Citation (#194):

Increased antibacterial activity of 15-residue murine lactoferricin derivatives

Authors: StrÝm, M.B., Stensen, W., Svendsen, J.S., Rekdal, O.

Journal: The Journal of Peptide Research 2001, 57(2).


LFM W8 is a synthetic 15-residue lactoferricin derivative (H2N-EKCLRWQWEMRKVGG-COOH), corresponding to residues 16-30 of the mature murine lactoferrin protein except that the asparagine residue in position 8 of the native peptide is replaced with tryptophan. We have previously reported that the two tryptophan residues in positions 6 and 8 are of crucial importance for the antibacterial activity of many lactoferricin derivatives but, despite fulfilling this requirement, LFM W8 is inactive against Escherichia coli and Staphylococcus aureus. In order to solve this puzzle, a quantitative structure-antibacterial activity relationship study of synthetic LFM W8 derivatives was performed by replacing the glutamate residues in positions 1 and 9 with arginine or alanine, and the valine residue in position 13 with tyrosine. The results from the study were analyzed using multivariate data analysis. The derived mathematical model clustered the peptides into distinct groups which reflected their antibacterial activities, pointed out correlations between different structural parameters, highlighted the structural parameters that were important for antibacterial activity, and enabled us to predict the activity of a 15-residue bovine lactoferricin derivative. The results showed that net charge and micelle affinity, as determined from the ratio of alpha-helicity in sodium dodecyl sulfate micelles and in 1,1,1,3,3,3-hexafluoro-2-propanol, were the most important structural parameters affecting antibacterial activity. The most active derivative, LFM R1,9 W8 Y13, displayed a minimal inhibitory concentration of 10 and 12 microM against E. coli and S. aureus, respectively. This represented more than 50-fold and 40-fold increases in antibacterial activity, respectively, compared with LFM W8.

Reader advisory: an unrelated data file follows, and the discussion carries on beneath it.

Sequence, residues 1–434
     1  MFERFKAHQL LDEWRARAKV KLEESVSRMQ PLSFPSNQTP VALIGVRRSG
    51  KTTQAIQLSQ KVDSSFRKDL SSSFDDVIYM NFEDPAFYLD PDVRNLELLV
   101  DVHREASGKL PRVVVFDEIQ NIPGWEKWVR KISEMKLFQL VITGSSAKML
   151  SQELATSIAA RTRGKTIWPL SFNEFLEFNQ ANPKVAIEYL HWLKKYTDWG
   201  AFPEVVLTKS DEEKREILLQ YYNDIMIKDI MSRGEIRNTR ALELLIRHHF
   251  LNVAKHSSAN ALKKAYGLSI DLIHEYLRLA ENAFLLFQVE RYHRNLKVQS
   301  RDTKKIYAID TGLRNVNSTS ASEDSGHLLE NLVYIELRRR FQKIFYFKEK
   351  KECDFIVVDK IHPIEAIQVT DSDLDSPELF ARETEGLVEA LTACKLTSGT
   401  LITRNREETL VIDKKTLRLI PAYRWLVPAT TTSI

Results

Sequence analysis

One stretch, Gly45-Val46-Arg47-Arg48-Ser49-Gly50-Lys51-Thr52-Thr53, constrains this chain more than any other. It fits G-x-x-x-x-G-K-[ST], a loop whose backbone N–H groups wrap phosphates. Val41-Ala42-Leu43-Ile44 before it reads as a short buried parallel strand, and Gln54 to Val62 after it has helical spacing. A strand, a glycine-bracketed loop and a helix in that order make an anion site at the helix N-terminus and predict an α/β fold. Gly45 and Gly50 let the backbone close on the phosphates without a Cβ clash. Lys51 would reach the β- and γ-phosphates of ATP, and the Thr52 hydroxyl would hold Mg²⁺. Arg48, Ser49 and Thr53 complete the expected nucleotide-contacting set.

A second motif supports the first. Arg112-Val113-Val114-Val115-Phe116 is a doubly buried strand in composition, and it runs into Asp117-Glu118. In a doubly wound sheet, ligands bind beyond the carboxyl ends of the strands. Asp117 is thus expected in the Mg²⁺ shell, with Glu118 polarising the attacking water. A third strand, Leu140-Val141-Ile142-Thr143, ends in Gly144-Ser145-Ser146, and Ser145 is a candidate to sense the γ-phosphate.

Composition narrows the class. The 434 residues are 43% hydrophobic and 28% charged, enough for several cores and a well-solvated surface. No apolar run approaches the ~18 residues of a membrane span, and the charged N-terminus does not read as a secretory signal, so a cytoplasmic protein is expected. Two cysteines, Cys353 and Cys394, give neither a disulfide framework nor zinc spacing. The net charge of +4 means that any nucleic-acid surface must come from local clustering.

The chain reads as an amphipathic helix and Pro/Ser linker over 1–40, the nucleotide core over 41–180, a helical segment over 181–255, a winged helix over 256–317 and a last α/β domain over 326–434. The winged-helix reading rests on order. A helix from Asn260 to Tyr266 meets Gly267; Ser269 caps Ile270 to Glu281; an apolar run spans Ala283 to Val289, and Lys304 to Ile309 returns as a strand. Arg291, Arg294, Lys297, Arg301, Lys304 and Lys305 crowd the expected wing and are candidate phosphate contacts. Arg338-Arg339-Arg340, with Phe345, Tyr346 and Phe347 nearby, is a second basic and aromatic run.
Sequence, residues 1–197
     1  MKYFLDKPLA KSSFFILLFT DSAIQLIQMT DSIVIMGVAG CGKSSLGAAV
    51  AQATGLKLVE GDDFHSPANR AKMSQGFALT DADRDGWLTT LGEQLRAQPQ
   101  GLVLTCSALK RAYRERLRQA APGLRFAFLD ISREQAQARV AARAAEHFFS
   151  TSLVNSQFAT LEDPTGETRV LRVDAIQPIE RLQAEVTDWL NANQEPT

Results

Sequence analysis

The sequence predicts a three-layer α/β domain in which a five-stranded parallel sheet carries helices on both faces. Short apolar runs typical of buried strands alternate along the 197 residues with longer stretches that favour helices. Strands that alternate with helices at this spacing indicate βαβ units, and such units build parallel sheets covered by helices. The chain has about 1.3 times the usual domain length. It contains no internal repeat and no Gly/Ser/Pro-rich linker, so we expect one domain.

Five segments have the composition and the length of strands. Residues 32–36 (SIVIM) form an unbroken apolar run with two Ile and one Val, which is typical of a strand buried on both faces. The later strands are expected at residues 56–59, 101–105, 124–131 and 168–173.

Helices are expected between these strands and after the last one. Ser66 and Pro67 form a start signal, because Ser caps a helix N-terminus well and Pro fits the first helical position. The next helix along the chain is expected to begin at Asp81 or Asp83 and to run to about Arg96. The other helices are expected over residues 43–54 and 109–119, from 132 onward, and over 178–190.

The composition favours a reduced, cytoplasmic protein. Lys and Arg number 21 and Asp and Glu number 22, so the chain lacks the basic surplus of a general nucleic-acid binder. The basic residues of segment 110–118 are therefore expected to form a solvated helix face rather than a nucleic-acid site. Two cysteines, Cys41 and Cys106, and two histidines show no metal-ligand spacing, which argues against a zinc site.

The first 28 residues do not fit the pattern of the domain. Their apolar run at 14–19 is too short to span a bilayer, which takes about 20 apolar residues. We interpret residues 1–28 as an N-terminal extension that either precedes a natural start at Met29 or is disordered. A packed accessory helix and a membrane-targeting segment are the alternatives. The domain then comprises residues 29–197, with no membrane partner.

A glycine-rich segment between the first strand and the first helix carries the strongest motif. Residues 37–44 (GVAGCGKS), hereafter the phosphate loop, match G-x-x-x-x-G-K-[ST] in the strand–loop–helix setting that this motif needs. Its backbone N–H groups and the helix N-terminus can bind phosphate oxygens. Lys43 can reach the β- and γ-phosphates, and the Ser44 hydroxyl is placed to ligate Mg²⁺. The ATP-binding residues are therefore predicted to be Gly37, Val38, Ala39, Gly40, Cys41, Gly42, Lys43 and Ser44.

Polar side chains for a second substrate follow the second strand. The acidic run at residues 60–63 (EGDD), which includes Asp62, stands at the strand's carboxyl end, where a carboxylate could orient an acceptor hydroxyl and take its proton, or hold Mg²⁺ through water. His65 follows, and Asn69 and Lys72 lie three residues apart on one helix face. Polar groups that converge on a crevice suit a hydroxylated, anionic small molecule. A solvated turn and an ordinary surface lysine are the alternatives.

Keywords: Antibacterial peptides; minimal inhibitory concentration; murine lactoferricin; peptide modifications; Qsar

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